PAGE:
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Commands

All pages rendered on the system use Ultimate Database Commands to insert different objects onto the page. All of the Commands need to be typed in uppercase and enclosed in curly/squiggly brackets { }.

As an example if you want to put the page title onto a page then you can insert the command {PAGE_TITLE}. This Command is then replaced with the page title of the page that is being displayed.

Another Command you can use is the {LINK} Command. This Command allows you to link, using an a HREF anchor link, to another object on the system. For example, {LINK(7497, Link To This Page)}. This will create a link to this page, which is object number 7497, and add the text 'Link To This Page' to the link. Here is the outcome of this Command - (Link To This Page).

When adding an Object ID as a parameter, it is a good idea to precede it with "#:". This helps the system to identify the number as an Object ID. This is essential if you are writing an application to be shared by other organisations as the Object IDs will need to be changed by the system when they import your application. So the example above, should be written {LINK(#:1013, Contact)}. See OBJ_ID for more info.

Parameters

Commands may also have parameters which are enclosed in round brackets ( ). Parameters can either be entered by their name as a JSON string or alternatively, and this way is recommended because the database can respond quicker, by their position within the command.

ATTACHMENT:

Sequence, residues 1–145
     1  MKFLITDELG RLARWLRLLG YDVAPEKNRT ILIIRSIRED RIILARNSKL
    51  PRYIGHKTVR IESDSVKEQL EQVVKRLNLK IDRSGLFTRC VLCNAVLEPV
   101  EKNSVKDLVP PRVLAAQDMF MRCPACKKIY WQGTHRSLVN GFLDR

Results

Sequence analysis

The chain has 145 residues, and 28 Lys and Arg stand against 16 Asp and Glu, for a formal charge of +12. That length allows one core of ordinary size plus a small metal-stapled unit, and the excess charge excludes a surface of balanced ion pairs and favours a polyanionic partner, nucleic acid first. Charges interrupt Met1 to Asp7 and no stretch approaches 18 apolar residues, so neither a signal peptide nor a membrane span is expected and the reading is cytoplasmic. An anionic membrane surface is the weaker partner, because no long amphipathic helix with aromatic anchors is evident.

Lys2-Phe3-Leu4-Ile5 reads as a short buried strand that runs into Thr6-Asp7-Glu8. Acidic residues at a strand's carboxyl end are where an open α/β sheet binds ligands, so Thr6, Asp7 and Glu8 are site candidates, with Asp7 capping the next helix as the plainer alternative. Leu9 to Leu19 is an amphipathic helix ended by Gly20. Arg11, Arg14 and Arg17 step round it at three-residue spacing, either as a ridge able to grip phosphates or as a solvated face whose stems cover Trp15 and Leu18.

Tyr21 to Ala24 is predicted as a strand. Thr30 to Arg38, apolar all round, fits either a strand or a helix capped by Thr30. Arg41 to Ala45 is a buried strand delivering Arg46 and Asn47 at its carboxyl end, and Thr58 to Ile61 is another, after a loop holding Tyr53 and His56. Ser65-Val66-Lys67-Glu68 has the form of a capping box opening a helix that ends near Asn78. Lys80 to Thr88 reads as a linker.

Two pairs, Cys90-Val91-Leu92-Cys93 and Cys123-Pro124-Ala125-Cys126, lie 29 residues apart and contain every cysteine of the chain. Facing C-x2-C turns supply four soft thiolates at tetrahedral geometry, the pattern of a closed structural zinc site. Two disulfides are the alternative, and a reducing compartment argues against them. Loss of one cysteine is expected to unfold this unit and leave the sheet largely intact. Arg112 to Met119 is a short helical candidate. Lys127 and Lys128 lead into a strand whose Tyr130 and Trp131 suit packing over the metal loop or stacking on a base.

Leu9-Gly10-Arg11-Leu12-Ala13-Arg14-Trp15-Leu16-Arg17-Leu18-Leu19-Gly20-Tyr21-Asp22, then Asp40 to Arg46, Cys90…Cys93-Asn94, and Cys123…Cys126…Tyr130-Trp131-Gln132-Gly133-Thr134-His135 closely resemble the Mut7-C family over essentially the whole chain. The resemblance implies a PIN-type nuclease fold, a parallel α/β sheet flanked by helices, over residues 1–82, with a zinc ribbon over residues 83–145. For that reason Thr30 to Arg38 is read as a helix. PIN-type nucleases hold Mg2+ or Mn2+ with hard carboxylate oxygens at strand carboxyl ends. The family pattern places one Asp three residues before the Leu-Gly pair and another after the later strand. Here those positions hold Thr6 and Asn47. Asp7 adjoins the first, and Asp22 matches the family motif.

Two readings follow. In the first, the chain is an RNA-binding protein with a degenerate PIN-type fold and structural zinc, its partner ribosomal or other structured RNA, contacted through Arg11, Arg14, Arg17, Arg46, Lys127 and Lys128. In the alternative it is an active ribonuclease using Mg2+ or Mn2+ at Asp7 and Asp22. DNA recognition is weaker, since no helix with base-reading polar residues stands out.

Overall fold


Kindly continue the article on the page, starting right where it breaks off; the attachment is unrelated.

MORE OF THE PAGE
Lets take the {LINK} Command to demonstrate the difference between these two ways and the parameters that are passed.

We are going to create an A HREF link to this page, object id 7497, display the text of "Link To This Page". Passing a parameter of 'example' with a value of 'position' (or 'name' in the second example). A bookmark link to an element with the ID of 'example_by_position' (or 'example_by_name in the second example). Finally adding the Bootstrap class of 'text-success' to turn the txt green.

Example By Position
{LINK(#:7497, Link To This Page, example=position, example_by_position, {"class":"text-success"})}
Here's how this looks as a link - Link To This Page. If you wish to not use one of the parameters then you can leave the field blank but ensuring the comma is still used to indicate it position like this Link To This Page.

Example By Name
{LINK({"obj_id":"7497", "text":"Link To This Page", "param":"example=name", "bookmark":"example_by_name", "class":"text-success"})}
Here's how this looks as a link - Link To This Page

Sometimes there may be a larger number of parameter options and using lots of commas to get to the correct parameter can be awkward and confusing to read. In this case, you can use a JSON list of parameters as demonstrated above. The JSON list of parameters can only be used after and positioned parameters. A list of all the parameters are detailed on the Commands Help Page.

Parameters As An Array

You can also pass in an array of parameters using an array variable. To do this add a JSON parameter "param_array":"V_ARRAY". All the values in the V_ARRAY variable will be used as parameters.

If a parameter includes a comma it must be enclosed in quotes {LINK(1013, "Contact John Doe or, a member of the team")}. If the parameter includes quotes and commas, quotes are escaped with either another quote like this {LINK(1013, "Contact John ""The Man"" Doe or, a member of the team")} or can be escaped with a backslash like this {LINK(1013, "Contact John \"The Man\" Doe or, a member of the team")}.

Parameter values are individually interpreted before they are passed to the command for processing. This can be prevented by preceding the parameter value with two exclamation marks!!

Click this link for a full list of Commands and their explanations.